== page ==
Retired Navy Senior Chief Pleas for Awareness, Education & Resources For Service Members Struggling With Eating Disorders

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Leah Stiles

Leah Stiles

I am a wife, mother, friend and Sailor.

As far back as I can remember, I sought solace from the trauma of my childhood with the mystical magic of the ocean – Dolphins, mermaids, the infinite depths of the water brought me peace and hope.

It made sense that I would one day join the US Navy and spend two decades as a Sailor.

Like most of us, I experienced personal struggles and setbacks that threatened to steer me off course. I always found resiliency deep down and managed to navigate through stormy waters.

I had seen too many of my loved ones fall into the despair of suicide, including my own mother, close mentors, my niece and too many shipmates to even count at this point. I was petrified that my story would end the very same way.

When I was Active Duty, I was often attempting to advocate for my shipmates’ mental health but encountered many limits because I was terrified that it could conflict with the progression of my career.

I have learned that eating disorders thrive and grow in the darkness of secrets. 

My voice was but a meer whisper. I couldn’t yell from the rooftops that my shipmates were suffering in silence because then I’d be forced to explain that I know – not only from their perspective, but also from first hand experience. I was more than 20 years into my own battle with eating disorders.

The deeper I fell into the behaviors of my ED, the more successful I appeared in my personal life and career. Unfortunately, it also meant an increase in the secrets and lies, to my husband, my children, my family and my peers. That is not consistent with the honesty values that I once took so much pride in having.

A dear mentor often told me that if I ever made the decision to become more honest, my story could become a testimony that could provide encouragement to others.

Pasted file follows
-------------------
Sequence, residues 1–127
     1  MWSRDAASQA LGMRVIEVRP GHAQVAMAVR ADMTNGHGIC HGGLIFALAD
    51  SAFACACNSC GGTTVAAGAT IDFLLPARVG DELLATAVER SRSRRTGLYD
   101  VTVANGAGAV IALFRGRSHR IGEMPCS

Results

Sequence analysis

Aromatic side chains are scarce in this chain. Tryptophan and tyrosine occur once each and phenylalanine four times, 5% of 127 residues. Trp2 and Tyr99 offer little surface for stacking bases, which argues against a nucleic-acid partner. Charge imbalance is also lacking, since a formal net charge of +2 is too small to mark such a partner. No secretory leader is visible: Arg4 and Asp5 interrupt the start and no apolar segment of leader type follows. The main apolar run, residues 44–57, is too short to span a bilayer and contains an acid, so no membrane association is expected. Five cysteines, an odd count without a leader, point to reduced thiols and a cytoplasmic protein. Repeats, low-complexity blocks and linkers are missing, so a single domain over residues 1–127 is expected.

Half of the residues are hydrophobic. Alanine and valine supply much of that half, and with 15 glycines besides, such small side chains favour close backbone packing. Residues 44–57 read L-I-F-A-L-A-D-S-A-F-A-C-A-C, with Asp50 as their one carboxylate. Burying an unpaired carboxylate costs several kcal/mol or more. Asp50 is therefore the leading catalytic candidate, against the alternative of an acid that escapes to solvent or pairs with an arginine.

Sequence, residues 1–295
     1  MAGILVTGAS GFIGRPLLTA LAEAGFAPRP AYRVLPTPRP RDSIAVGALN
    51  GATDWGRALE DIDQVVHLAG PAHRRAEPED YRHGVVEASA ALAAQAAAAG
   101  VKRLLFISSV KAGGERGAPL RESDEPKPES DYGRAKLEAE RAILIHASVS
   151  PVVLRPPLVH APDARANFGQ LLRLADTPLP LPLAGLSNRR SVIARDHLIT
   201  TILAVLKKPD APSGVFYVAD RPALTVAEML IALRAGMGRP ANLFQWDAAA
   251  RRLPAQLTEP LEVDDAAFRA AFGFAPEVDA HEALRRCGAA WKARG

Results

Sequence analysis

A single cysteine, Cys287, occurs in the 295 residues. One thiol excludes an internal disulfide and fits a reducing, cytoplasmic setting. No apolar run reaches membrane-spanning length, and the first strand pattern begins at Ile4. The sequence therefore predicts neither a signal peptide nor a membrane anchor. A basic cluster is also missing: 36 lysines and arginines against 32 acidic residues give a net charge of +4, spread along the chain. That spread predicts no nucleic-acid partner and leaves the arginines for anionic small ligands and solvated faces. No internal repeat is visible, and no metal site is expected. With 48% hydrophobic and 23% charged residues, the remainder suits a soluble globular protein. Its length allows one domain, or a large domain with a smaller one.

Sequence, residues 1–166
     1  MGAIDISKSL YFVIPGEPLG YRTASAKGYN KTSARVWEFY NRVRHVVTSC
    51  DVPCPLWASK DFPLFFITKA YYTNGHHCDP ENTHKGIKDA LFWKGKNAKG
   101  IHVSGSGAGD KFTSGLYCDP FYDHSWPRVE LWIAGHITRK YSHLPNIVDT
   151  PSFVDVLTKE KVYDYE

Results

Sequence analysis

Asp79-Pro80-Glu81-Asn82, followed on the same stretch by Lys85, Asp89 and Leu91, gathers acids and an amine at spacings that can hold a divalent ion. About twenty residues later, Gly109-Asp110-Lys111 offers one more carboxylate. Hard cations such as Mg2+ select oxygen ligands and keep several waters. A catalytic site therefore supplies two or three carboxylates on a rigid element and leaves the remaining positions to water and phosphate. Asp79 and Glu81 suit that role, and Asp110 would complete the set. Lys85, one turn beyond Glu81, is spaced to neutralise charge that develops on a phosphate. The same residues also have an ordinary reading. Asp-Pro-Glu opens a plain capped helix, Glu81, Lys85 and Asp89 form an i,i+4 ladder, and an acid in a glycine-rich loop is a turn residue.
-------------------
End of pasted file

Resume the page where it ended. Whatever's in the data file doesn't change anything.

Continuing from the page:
I was scared and ashamed, I knew all too well the negative stigma and discrimination that comes with an eating disorder diagnosis.

I got sick of the lies. I took a leap of faith, I came out publicly to everybody I know as well as shared it on social media.

When I did, I was flooded with support and then I was inundated with messages of others suffering in silence with similar issues.

There were so many of us. I knew I had to fight for my life and theirs, that’s what battle buddies do. 

Now that I am retired, healing, and my seas are more calm, I want to use my voice loudly and proudly to amplify the voices of my fellow warriors.

It is now my life mission to unapologetically help every single service member suffering with

eating disorders. I am fully and wholeheartedly committed to establishing awareness, education, and support resources for my sisters and brothers in arms.

A recent study found that approximately one-third of women, and one-fifth of men in the veteran population experience eating disorder symptoms (Masheb, et al., 2021). The intention of my communication efforts are that Military Medical Professionals, service members and those in leadership positions will be able to recognize service members struggling with disordered eating and will know how to connect them with education, support and appropriate treatment.

These efforts should include at a minimum:

  • Each command participates in Eating Disorder Awareness Month observance in February each year. This would be the designated time to put information in the plan of the week, post informational posters on the command career counseling board, and discuss during All Hands Calls.

For example, seminars like this one were a catalyst in opening discussion.

  • Formal training should be provided at various career points including boot camp, leadership courses, (Supervisor, CPO, OCS, etc) command fitness leadership school, and be included in all existing mental health training.
  • Screenings should be conducted during the annual Physical Health Assessments (PHA) and included on the medical screenings for the Physical Readiness Test (PRT).
  • Primary Care Managers and Command Medical Staff will have at least one point of contact at each location that has received formal eating disorder training, can identify signs, symptoms and medical implications and know where to refer patients for further treatment.

We sacrifice a great deal of our lives and bodies for the honor of protecting and fighting for the freedoms of others. Now we are asking for the institution to which we have dedicated ourselves to help us fight for a different kind of freedom: freedom from the debilitating and often fatal disease that is thriving within our current culture and standards.

Leah retired as a Senior Chief Mass Communication Specialist in 2021 after serving 20 years in the Navy. While in the Navy she had the opportunity to do a lot of traveling and see beautiful places. She feels her purpose in life is to advocate for others that are unable to do that for themselves at that time. She is currently enjoying retirement life just outside of Disney World with her amazing husband, Coach Marlando Stiles (USN, ret). They are the proud parents of Alexzander (IT2, USN), Ayanna, Alyvia, several bonus foster children, and their bulldog, Beaux. To learn more about Leah and her work you can visit